Denver has dramatically increased its spending on bike lanes and other bike-related projects over the last six years, and for good reason. The advocacy group BikeDenver reports a major increase in commuters biking to work.
"The ridership numbers in Denver are exploding right now," says Piep van Heuven, executive director of BikeDenver. "The number of people who are biking in Denver has risen significantly [in recent years]."
The group's most recent report, which takes numbers from the U.S. Census American Community Survey, reveals that since 2005, there has been a 57 percent rise in Denver commuters biking to work. That's a 132 percent increase over the last twelve years.
While that increase is clearly very rapid, don't get too excited by the numbers. The group reports that only 2.2 percent of Denver commuters bike to work. That is, however, a major jump over the last several years, and nationally, bikers make up only .5 percent of commuters. That means Denver cyclists are riding to work at a rate four times the national average.
"More and more people are choosing to bike out of convenience," van Heuven says. "Biking is something that enhances all of our communities."
The Downtown Denver Partnership also has some useful localized statistics on increased cycling in the city. According to the June 2012 trends report from the organization, approximately 6 percent of employees working downtown bike to work. Their average one-way commute is 3.57 miles.
These figures come from a Downtown Denver Commuter Survey from 2011, which estimates that around 7,000 employees ride bikes to downtown everyday.
These trends are visibly obvious to the average pedestrian or motorist, who can see the increase in cyclists everyday on the road -- especially during the summer.
Page down to see what the city is doing to increase its bike infrastructure. So what's the city doing in response to the local growth of cycling? Or put another way, how is the expansion of the city's bike transportation network encouraging more folks to ditch their cars for their morning commute? Emily Snyder, a senior city planner with Denver's Public Works Department, who oversees bicycle and pedestrian issues, offers details.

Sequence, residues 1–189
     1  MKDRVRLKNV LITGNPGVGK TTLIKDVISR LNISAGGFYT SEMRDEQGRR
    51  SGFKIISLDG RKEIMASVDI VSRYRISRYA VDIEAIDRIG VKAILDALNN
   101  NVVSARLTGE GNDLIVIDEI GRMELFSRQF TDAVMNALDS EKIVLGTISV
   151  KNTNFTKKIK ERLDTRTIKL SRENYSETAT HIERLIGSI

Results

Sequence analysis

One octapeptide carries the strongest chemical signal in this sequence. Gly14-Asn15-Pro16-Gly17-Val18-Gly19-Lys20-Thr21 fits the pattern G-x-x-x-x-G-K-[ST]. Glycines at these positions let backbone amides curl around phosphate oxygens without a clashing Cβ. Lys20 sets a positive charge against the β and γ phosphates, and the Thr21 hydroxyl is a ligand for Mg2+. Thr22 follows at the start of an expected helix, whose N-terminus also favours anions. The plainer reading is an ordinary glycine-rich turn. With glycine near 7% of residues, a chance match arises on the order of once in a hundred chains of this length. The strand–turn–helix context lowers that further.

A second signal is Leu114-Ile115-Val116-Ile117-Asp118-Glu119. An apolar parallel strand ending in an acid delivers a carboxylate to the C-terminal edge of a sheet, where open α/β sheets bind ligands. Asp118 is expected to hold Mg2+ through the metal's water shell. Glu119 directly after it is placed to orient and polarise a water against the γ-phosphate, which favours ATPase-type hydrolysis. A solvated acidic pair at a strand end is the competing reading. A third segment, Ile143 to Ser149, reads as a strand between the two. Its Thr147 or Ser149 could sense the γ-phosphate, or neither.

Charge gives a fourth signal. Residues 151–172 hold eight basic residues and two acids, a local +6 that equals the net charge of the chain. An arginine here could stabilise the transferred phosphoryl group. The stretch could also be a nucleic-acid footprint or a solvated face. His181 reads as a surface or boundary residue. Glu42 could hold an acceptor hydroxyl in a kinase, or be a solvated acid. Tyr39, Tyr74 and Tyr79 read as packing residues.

First, it's useful to look at how the city has increased spending on bike-related projects.
In 2011, according to Public Works, the city spent $10.5 million on what the department calls "bike-pedestrian projects," a category that includes bicycle pavement markings, new trails and trail maintenance and other major projects, like bridges and underpasses.
For comparison, note that in 2006, the city was only spending $2.1 million in this area. The budget for these kinds of projects has steadily increased over the last six years, jumping from $4.5 million in 2007 to $6 million in 2008 to $7.7 million in 2009 and 2010, all the way to the latest available record of $10.5 million for last year.
"My focus and goal is to get more bicycling infrastructure out there -- more bike lanes and sharrows," Snyder says. (Sharrows, by the way, are bike markings indicating that cyclists have room to share the road.) Part of the challenge, she adds, "is recognizing that there's a bunch of different users out there -- people that are experienced bicyclists...novices...you've got families.... It's making sure you have facilities out there for all those different types of riders."
Snyder says that over the past five years, the city has more than doubled bike infrastructure from sixty miles of lanes and sharrows to 137 miles of lanes and sharrows today. That's about an average of a twenty to 25 mile increase in pavement markings each year.
For additional perspective: In 2011, the city added two miles of sharrows and sixteen miles of bike lanes, while Public Works has already added eight miles of sharrows and seventeen miles of bike lanes in 2012 to date.
"From the Public Works standpoint, I would say we are extremely committed," Snyder says. In terms of the larger vision of increasing cycling infrastructure, in 2012, the city is particularly focused on expanding the bike network on the west side of the city, she notes.
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If you're into ranking stuff, the Downtown Denver Partnership has collected info that puts Denver and Colorado into a larger context across the country. The Alliance for Biking and Walking ranks Colorado twelfth in the nation for "bicycle friendliness," and Denver is also ranked a "silver level" city by the League of American Bicyclists' Bicycle Friendly Communities (whose categories range from bronze through platinum). Bicycling Magazine also lists Denver as the twelfth best bicycling city in the nation. Finally, based on U.S. Census data, Colorado finishes fourth in the country for those who bike to work, and Denver is sixth in that category.
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